Do Canadians have a laissez-faire attitude towards debt? High consumer debt is the result of income to cost-of-living disparity, paired with burdensome high interest rates.

A new report on debt from CBC news repeats a familiar theme that debt levels are out of control because "interest rates are at an all-time low, life is great and the economy is not bad… People seem to have a laissez-faire attitude toward debt right now,” says Laurie Campbell, CEO of Credit Canada Debt Solutions.

I say that’s laissez-unfair.

Recent research indicates that many Canadians believe their debt is either below or on par with the national average, however many of them are wrong, and many have relatively more debt than they think. recently polled 6,090 Canadian credit card holders and found that 42% of those who believed their credit card debt is “average” actually have above average debt.

December 16, 2014

By Margaret H. Johnson

5 sure fire ways to pay off your debt and avoid new debt this year

The New Year is approaching and you still haven’t reached your resolutions you set last New Year. Your debt hasn’t gone down much, or maybe has even gone up in the last year. So how can you get out of the cycle and get closer to debt freedom in the coming year? Here are 5 sure fire ways to pay down your debt and avoid new debt in 2015.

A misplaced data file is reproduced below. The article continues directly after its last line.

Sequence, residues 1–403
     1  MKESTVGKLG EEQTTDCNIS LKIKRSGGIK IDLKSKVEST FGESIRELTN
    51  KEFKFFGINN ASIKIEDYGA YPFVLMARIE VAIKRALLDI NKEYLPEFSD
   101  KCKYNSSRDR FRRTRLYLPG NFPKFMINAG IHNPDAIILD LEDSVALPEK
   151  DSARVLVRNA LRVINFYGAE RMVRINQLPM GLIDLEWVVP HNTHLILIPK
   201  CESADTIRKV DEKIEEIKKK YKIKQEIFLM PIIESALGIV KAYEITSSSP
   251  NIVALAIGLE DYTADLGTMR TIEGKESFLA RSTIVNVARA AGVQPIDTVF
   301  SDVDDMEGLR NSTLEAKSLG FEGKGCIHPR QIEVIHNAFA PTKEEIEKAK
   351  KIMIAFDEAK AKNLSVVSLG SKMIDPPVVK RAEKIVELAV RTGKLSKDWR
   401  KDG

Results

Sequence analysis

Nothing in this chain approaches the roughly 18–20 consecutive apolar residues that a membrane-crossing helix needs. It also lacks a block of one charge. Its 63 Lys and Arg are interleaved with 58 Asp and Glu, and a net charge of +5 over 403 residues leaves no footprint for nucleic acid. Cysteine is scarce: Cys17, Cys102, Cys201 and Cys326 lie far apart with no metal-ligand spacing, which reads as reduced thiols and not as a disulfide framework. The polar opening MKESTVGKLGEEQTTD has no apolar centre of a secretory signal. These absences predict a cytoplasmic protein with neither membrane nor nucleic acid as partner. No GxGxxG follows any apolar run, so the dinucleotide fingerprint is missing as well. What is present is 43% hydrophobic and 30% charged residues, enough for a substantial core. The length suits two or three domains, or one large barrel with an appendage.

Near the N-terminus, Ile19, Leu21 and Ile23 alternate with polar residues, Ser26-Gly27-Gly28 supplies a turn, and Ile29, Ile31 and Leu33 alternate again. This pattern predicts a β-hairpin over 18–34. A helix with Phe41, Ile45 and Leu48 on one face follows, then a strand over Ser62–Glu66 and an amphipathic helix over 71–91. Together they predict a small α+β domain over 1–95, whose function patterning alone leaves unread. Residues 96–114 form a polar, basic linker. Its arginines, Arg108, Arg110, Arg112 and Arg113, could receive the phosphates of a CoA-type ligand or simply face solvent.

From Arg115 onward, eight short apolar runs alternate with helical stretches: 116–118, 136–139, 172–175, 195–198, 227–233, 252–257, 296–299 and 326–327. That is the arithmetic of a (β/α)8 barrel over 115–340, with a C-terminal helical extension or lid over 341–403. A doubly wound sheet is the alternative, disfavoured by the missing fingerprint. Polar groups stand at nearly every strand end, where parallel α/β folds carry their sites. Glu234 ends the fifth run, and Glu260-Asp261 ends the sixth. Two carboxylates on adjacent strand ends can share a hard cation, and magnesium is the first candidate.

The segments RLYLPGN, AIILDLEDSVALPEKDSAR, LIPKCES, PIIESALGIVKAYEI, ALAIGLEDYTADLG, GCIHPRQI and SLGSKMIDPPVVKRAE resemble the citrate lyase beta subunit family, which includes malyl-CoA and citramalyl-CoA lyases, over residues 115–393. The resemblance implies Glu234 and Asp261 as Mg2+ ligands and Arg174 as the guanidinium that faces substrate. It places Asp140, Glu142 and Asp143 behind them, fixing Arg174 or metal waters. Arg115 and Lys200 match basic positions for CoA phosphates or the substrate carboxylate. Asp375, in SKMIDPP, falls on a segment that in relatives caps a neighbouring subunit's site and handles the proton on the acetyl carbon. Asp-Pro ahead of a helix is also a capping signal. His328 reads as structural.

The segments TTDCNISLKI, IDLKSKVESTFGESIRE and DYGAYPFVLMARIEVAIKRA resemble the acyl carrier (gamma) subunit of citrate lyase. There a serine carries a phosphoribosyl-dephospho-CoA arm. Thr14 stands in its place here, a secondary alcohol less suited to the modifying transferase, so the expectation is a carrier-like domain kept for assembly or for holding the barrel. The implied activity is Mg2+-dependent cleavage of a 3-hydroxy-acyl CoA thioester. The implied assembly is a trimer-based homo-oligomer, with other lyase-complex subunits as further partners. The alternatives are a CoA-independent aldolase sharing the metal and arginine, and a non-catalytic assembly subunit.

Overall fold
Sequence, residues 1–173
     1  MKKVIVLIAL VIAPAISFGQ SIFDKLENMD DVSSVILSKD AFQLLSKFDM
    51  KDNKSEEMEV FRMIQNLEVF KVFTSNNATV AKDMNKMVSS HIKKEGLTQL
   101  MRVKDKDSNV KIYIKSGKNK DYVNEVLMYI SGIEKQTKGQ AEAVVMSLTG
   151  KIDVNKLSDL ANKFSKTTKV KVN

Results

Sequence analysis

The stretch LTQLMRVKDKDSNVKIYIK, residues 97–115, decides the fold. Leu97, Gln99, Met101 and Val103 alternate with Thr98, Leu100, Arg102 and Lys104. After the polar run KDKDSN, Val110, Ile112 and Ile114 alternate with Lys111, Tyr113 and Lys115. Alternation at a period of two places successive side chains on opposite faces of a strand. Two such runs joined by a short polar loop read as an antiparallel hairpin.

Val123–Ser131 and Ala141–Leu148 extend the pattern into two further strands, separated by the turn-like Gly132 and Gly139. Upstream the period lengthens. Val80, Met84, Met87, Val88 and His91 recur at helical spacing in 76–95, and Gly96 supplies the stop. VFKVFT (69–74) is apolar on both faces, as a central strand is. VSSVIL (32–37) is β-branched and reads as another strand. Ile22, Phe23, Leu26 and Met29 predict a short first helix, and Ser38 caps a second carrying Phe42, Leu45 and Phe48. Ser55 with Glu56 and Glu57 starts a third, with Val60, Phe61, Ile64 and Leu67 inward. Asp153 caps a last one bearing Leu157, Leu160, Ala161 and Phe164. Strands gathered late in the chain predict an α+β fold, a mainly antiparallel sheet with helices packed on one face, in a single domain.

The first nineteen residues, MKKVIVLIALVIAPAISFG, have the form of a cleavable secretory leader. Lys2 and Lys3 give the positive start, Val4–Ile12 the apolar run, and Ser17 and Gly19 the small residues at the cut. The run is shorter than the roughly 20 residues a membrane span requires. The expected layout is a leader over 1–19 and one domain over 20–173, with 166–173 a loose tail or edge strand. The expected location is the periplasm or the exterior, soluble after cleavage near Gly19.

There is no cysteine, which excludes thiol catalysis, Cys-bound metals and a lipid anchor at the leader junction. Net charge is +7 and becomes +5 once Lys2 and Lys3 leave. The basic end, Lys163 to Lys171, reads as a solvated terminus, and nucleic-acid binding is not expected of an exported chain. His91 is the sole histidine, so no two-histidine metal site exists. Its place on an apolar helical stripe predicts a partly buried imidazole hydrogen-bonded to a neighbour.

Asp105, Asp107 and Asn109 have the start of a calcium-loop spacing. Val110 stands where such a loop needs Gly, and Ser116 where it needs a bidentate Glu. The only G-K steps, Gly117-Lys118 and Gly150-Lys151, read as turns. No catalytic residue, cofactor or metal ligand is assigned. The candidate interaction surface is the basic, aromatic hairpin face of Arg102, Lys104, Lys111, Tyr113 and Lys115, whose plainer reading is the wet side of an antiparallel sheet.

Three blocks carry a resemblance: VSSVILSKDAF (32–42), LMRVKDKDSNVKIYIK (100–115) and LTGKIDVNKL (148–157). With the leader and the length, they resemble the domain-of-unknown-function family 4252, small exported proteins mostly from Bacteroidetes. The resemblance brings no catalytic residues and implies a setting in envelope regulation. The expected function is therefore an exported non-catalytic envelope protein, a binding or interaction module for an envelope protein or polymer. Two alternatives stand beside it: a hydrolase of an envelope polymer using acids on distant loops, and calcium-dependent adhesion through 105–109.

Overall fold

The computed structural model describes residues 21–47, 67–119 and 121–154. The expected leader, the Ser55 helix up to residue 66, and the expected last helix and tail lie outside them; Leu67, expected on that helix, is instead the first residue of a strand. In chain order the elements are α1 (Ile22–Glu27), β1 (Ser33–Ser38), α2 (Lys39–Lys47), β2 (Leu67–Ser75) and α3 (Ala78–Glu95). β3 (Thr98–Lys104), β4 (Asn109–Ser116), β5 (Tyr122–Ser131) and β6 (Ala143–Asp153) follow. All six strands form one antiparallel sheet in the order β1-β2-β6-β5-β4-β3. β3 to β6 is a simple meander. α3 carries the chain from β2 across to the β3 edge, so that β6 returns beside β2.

New debt settlement laws will protect consumers

VICTORIA – Enhanced protections for B.C. families, particularly those in financial distress, are at the heart of legislative changes introduced today by the B.C. government.

The Province is taking action to regulate the debt settlement industry with amendments to the Business Practices and Consumer Protection Act (BPCPA). If passed, these amendments will prohibit debt settlement companies from charging fees until both the debtor and creditor have approved a debt repayment agreement. These amendments will also lay the foundation for additional new rules to safeguard consumers which government aims to bring into effect in fall 2015.

In Canada, you are innocent until you’re proven guilty.  It would appear that our banking system has forgotten this simple fact.

Lyndsay Passmore (see story in The Province)  had 4 credit cards stolen.  When she noticed them missing, she contacted the appropriate banks.  In the interim between the cards being taken and her reporting them stolen, the thieves had taken approximately $15,000 in cash advances and charges.  Her bank, while absorbing some of the charges, tried to put Ms. Passmore on the hook for $4000, citing the fact that her Personal Identification Number (PIN) was inputted correctly the first time (which it seems meant to the bank that the person(s) who took her cards knew her PIN).  Ms. Passmore’s example raises so many interesting points, but also so many questions:

Remember, if you are experiencing financial difficulties do not wait. Call Solutions Credit Counselling at 1(877)588-9491 or fill out our Debt Consolidation Questionnaire and get your Free Credit Counselling Advice today.

For more information visit Debt Canada - your Canadian credit education centre.

If you are a woman in debt, speak with Women and Money first. We specialize in helping women with their personal and business financeMoney management advice you can count on!

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